When Lee Daniels’ The Butler was released, the director was aware the movie’s take on Ronald Reagan would make some admirers unhappy. Forest Whitaker’s Cecil Gaines—a heavily fictionalized version of real-life White House butler Eugene Allen—ends up resigning out of disgust with Reagan’s refusal to pass sanctions against the South African apartheid state. (A rundown of Allen’s life versus the movie’s fictional liberties can be found here.) “I think we’re extremely fair” to Reagan, Daniels said, but conservative biographer Paul Kengor decried the film’s implication that Ronald and Nancy were insensitive on racial issues internationally and to black people in general. Regarding South Africa specifically, Kengor said Reagan was just trying to make sure the country wouldn’t collapse and get “replaced by a Marxist-totalitarian regime.” “Clearly, blacks in South Africa lost rights under apartheid, but Communism was a far greater infringement,” he noted, adding that if the film couldn’t deal “with this issue with the necessary balance, it shouldn’t deal with it at all.”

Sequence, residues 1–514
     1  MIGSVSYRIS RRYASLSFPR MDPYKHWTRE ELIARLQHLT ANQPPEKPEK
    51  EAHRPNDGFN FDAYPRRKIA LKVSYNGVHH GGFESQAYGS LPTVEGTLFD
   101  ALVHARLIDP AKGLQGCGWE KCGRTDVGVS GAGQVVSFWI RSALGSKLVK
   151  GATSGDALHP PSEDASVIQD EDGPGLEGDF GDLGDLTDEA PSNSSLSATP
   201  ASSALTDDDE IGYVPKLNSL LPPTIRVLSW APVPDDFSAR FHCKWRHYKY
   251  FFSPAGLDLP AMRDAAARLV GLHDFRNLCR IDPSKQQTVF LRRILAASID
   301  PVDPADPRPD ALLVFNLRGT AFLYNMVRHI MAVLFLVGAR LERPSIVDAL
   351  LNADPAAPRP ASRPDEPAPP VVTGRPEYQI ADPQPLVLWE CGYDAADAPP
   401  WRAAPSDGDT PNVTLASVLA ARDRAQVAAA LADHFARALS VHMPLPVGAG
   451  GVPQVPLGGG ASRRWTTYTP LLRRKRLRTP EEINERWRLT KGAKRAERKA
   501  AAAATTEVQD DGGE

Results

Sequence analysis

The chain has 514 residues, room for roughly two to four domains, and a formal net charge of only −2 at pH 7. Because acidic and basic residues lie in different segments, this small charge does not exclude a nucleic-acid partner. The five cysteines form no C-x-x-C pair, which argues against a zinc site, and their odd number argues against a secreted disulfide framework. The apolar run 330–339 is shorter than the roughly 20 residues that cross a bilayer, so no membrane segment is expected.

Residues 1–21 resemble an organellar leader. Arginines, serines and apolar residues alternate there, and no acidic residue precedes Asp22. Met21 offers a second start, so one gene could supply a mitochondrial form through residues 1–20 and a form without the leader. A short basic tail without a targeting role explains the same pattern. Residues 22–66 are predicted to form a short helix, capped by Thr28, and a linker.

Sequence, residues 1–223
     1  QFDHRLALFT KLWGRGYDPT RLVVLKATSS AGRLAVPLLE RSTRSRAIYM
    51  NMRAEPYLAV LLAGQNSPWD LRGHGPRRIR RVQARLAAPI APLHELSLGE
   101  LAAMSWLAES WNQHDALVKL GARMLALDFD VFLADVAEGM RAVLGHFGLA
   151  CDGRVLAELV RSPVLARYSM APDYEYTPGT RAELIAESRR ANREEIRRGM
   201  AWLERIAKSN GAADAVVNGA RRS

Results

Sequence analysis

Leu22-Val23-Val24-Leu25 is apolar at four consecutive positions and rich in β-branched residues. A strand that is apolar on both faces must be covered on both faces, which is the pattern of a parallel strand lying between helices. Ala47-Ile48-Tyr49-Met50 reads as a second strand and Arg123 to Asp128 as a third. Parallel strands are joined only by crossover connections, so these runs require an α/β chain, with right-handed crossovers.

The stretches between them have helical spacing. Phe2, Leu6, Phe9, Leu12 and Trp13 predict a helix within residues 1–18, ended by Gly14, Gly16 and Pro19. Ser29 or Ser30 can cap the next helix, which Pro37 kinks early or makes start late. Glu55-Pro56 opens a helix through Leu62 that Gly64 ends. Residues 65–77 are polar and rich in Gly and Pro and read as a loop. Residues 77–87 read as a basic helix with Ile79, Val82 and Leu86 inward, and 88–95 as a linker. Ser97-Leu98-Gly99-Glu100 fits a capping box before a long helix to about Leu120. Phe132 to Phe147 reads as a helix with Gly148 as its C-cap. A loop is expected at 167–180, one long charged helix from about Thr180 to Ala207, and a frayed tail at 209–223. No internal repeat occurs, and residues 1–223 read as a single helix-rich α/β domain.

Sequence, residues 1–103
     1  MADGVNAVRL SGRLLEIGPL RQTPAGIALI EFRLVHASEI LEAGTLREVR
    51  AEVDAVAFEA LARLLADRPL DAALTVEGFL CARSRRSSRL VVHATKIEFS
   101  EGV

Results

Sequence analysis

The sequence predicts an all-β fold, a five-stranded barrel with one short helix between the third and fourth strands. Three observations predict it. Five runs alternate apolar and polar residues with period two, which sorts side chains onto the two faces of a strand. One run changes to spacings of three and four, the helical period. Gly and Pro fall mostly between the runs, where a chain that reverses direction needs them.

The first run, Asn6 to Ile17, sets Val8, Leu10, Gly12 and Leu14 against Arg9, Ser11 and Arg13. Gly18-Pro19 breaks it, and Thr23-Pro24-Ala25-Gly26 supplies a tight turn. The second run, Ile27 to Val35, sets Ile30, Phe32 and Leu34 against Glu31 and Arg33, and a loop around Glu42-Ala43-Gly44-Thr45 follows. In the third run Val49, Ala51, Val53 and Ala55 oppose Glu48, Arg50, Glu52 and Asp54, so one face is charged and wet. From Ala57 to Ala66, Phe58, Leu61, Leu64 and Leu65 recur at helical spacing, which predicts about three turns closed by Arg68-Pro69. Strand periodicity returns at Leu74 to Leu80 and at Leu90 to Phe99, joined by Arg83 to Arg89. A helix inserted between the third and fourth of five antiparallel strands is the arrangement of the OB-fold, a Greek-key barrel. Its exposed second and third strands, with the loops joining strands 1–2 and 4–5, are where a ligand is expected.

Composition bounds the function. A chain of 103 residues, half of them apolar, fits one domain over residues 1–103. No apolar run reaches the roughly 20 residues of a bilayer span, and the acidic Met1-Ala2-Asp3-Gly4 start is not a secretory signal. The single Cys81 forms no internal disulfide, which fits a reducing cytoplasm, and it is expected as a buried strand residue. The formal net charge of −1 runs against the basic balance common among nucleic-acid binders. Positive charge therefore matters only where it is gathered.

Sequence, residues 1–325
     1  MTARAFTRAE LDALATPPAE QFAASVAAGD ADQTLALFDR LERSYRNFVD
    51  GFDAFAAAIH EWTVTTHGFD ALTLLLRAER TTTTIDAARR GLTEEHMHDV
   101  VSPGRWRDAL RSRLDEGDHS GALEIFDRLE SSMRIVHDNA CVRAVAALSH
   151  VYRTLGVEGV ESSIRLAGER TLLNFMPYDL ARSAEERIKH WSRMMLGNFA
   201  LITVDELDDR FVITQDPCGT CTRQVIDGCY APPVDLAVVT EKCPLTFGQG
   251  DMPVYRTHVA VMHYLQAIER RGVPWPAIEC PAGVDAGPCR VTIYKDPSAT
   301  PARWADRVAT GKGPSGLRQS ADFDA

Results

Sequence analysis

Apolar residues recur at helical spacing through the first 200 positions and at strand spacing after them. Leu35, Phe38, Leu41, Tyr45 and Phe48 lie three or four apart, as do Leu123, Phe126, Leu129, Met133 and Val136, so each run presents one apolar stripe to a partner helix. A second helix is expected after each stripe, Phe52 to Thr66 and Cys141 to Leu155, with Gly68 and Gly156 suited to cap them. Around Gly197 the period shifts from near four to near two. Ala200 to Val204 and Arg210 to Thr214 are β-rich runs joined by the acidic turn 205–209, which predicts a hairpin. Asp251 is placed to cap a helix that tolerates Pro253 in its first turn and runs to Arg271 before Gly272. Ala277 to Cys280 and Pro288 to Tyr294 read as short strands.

Last Friday, Reagan’s adopted son Michael jumped into the fray, attacking the movie’s depiction of “The Butler from Another Planet.” Reagan compares the real man—“who had one son who served honorably in Vietnam and never made a peep of protest through the pre- and post-civil rights era”—with “Hollywood’s absurd version of Eugene Allen’s life story.” He also complained that “portraying Ronald Reagan as a racist because he was in favor of lifting economic sanctions against South Africa is simplistic and dishonest.” To prove his point, he notes that “when my father was playing football at Eureka College one of his best friends was a black teammate.” Contacted by the Associated Press, neither Harvey Weinstein or screenwriter Danny Strong had any comment on the column.
Hardin County, Kentucky theater owner Ike Boutwell is also upset by the film for different reasons. A Korean War vet who trained pilots during the Vietnam War, Boutwell has never shown a movie starring Jane Fonda at his theater as far as he knows, and he’s not about to start now: he’s still upset with her anti-war protests and rhetoric. “I just really think it’s a slap in the face to have a person of treason portray a patriotic lady, Mrs. Reagan,” he added. “I think that is just throwing gas on the fire.” For her part, Fonda’s pretty sure Nancy will like the movie and how she comes off in it. “Through a friend, she asked if I can get her a DVD,” she said a few weeks ago. “So I'm trying to get her one. She’ll feel good about it, I think.”